Meanwhile, somehow (somehow!?) a new startup has appeared with the idea that yet another app is going to help this dumpster fire of social interactions — but let’s hear them out before jumping to conclusions.
Slay bills itself as a “positive social media network for teenagers.” The reason we are talking about it today is that it’s grown like a weed after launching last year in Germany, where it reached No. 1 on the German iOS App Store four days after launch. It’s now claiming to have more than 250,000 registered users and claims it’s gaining traction in other countries, including the U.K., where it recently launched.
So what’s the attraction here? When users open the app it shows users 12 questions, which the user can only answer by choosing another user (from their school, class or peer group) to pay an anonymous compliment to (or “slay”). For example, the app may ask a user “Who inspires me to do my best?”. They can then choose from four other users from their school to pay this “slay” to. They can then view compliments from other kids, provided they answer the 12 questions when logging on. The identity of those who sent the compliment remains hidden.
This reminds me of BeReal’s mechanic, where you can only see other people’s BeReal photos by uploading your own.
And Slay is also not dissimilar to Gas, the messaging platform popular among teens for its positive spin on social media, acquired by Discord yesterday. On Gas, anonymous polling is intended to boost users’ confidence.
The other reason Slay has popped onto the TechCrunch radar, is that its growth has attracted the interest of VCs.
It’s now raised a $2.63 million (€2.5 million) pre-seed funding round led by Accel. Also participating was 20VC. Additional investors include Supercell co-founder and CEO Ilkka Paananen, Behance founder Scott Belsky, football star Mario Götze, Kevin Weil (Scribble Ventures) and musician Alex Pall (The Chainsmokers).
Slay says it is aiming to reset the teen relationship with social apps by re-balancing things away from the negative sentiments on social platforms, by normalising the giving of compliments. It also says it’s been designed with safety, content moderation and teenage mental well-being built in. We shall see…
Digging into the app, one can see that it’s been built very simply as a “compliment app.” Whether that is going to be enough to keep users coming back is hard to say. Teenager behavior is hard to second guess. Getting zero can also send a “signal,” for instance.
Suffice it to say, Slay claims it will “never sell or share personal data with third parties.” Given the history of social apps, let’s see how long this lasts.
There is also no direct messaging facility, although users will be able to add links to social media profiles, so clearly they will be able to message each other eventually, off-app.
Adults are supposedly not allowed to “join” schools, and approximate location is requested to suggest nearby schools. Any questions and interactions are asked by the app, not by users themselves.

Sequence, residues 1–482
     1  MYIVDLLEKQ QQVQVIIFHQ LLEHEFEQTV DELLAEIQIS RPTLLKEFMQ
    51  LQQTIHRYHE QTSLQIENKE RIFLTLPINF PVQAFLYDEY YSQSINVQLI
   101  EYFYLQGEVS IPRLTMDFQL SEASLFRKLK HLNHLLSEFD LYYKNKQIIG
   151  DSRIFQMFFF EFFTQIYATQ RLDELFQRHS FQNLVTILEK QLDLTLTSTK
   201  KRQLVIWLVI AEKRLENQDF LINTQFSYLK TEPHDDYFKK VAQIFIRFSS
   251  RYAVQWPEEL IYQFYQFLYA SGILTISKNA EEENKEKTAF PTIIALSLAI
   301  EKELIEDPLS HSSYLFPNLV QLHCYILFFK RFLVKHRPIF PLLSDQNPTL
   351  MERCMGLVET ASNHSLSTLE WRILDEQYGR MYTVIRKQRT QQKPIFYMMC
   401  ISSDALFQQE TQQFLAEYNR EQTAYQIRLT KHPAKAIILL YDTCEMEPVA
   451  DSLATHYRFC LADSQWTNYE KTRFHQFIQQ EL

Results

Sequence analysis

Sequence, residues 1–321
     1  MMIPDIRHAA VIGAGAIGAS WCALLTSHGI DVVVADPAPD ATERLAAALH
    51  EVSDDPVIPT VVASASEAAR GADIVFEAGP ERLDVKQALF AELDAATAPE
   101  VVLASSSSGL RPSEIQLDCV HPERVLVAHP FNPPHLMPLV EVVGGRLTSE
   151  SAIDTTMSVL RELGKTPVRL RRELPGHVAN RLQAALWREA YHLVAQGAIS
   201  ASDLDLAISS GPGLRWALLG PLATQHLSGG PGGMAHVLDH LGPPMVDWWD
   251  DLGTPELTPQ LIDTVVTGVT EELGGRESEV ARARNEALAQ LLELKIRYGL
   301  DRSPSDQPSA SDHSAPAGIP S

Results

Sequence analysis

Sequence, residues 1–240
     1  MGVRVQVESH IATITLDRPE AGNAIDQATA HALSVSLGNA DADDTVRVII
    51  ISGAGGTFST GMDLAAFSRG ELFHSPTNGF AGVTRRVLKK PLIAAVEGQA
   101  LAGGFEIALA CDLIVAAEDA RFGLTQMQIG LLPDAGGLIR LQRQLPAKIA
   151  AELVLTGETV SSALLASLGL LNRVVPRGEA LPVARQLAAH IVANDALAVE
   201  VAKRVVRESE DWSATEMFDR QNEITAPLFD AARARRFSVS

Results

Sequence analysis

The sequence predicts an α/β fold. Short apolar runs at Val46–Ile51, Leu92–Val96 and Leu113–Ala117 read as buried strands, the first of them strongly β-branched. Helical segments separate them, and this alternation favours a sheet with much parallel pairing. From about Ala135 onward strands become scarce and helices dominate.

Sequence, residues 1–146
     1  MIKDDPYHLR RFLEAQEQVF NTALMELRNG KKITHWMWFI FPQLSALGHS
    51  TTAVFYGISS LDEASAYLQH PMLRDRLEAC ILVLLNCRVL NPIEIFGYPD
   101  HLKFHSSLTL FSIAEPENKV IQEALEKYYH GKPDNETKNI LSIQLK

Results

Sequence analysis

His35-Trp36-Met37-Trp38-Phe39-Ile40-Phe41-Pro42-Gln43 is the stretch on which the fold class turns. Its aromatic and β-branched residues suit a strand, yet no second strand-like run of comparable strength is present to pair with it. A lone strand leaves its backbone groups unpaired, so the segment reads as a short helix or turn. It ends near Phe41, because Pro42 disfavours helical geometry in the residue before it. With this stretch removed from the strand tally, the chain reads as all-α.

Slay was founded in 2022 by a team of three 23-year-old, Berlin-based co-founders: Fabian Kamberi, Jannis Ringwald and Stefan Quernhorst. The idea was Kamberi’s, who had been building consumer apps since he was a teenager, and says he was inspired by the experiences of his siblings struggling with the negativity of social media apps during the COVID-19 pandemic.
CEO and co-founder Kamberi told me via email: “We see Slay in the future not only as an anonymous polling app [referring to the aforementioned Gas], but as the go-to spot for teens to rediscover social interactions in various play modes.”
“Our app is similar to Gas, and their acquisition shows a great proof of what we have built and what is in store for the future in our space. However, apps that rely solely on anonymous Q&A, for example, carry a high cyberbullying risk, which – by contrast – we prevent through our rigorous content moderation as well as specially designed gamemodes,” he added.
But the question is, why does he think a social app can improve mental health when so many social apps have not?
“We have received thousands of feedback messages from users thanking us for making them feel valued in times of fast moving, negative social media interactions,” he told me.
He said the startup could well ship new features which might create more engagement but at the same time it might bring a risk for negativity: “So we focus very much on the individual experience that each user has, aiming to make it as positive as possible.” He said the startup’s job is “content safety.”
So what’s Slay’s business model? How will it make money? Kamberi says it will likely be premium features, services or tools that users pay for: “We are currently building several exclusive, paid play modes as well as add ons, which we will release through feedback cycles with users and supported by data.”
Slay is available in Germany, Austria, Switzerland and the United Kingdom.
Julien Bek, principal at Accel, added via a statement: “We’re extremely impressed by the SLAY app, both in its immediate popularity among teenagers and the team’s positive goal of improving teenage mental health in the digital world. Already, the SLAY team has seen almost half its active users use it every school day.”